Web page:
Contraband Cell Phones in Correctional Facilities: Public Safety Impact and the Potential Implications of Jamming Technologies, Hearing Before the Committee on Commerce, Science, and Transportation, United States Senate, One Hundred Eleventh Congress, First Session, July 15, 2009 [open pdf - 203KB]
From the opening statement of Mark Pryor: "These cell phones can do much more than make a call. They can take pictures, they can surf the Internet, they can send text and e-mail messages. While advances in technologies have benefited consumers, there's also a dark side. More and more, cell phones are being smuggled into prisons. Inmates are using them to continue criminal activity behind bars. In the worst cases, prisoners are organizing gang activity, intimidating witnesses, and ordering murders from their cells. This has to be stopped. Correctional officers have stepped up efforts to find such devices by using phone-sniffing dogs and searching prisoners, visitors, and prison workers. In addition, there is technology being deployed to detect and locate and monitor contraband cell phones in prison. But the question remains, are these tools enough? Some have suggested that wireless jamming technology would be effective in stopping the use of contraband cell phones. The FCC, however, has prohibited the testing of jammers by states as a violation of the Communications Act. In addition, groups have voiced concern that jamming may interfere with public safety and commercial wireless communications. There are also questions about how well jammers work and whether other technologies are better suited to address the problem." Statements, letters, and materials submitted for the record include those of the following: Kay Bailey Hutchison, John Whitmire, Richard A. Mirgon, Gary D. Maynard, Jim Rubenstein,, Barbara Mikulski, Jay Salkini, Mark Pryor, Larry B. Norris, George M. Little, Anne Milgram, Christopher Guttman-McCabe, Mark Begich, John Thune, Tim Reisch, Jon Ozmint, Roger Werholz, and Harold W. Clarke.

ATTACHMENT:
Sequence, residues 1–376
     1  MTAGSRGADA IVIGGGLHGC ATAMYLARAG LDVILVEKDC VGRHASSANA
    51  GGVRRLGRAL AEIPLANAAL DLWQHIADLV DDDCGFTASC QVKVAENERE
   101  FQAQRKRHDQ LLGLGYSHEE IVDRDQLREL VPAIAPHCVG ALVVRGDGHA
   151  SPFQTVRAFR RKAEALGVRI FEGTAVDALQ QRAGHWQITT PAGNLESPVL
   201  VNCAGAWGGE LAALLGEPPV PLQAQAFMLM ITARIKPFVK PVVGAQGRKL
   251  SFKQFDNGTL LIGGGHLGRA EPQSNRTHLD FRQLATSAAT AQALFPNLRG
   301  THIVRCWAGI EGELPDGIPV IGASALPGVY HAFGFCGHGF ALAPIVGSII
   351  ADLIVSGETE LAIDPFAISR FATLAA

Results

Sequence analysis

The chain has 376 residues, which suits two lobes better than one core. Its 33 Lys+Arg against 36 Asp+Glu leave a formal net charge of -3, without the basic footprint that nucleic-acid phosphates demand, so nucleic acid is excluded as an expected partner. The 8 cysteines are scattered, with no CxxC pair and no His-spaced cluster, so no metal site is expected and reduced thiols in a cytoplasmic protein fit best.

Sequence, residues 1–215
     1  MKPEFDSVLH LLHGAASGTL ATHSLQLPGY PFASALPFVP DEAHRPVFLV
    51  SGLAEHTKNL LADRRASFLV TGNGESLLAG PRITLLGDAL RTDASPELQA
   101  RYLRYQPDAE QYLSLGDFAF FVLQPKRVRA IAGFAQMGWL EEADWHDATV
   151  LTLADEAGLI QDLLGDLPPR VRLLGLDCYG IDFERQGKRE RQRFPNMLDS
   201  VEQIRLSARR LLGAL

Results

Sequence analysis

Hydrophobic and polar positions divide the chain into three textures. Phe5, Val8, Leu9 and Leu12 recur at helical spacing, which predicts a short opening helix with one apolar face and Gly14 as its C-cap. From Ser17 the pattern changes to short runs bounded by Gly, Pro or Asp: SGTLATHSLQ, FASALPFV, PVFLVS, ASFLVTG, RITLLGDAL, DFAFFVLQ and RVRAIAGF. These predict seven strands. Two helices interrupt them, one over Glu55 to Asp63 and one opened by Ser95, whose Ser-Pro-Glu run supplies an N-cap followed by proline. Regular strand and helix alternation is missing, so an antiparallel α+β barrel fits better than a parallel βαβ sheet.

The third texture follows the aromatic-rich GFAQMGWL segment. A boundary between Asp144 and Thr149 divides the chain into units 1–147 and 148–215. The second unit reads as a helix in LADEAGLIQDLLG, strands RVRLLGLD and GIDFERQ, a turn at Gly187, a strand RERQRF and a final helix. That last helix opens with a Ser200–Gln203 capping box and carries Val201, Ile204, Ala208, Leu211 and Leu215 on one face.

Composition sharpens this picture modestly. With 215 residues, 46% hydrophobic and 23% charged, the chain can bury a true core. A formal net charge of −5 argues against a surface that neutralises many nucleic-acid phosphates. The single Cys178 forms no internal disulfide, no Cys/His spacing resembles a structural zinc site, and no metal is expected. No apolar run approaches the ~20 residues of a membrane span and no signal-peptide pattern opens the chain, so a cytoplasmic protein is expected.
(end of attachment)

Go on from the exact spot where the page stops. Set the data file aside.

S. Hrg. 111-482; Senate Hearing 111-482
Government Printing Office, Congressional Hearings: http://www.gpoaccess.gov/chearings/index.html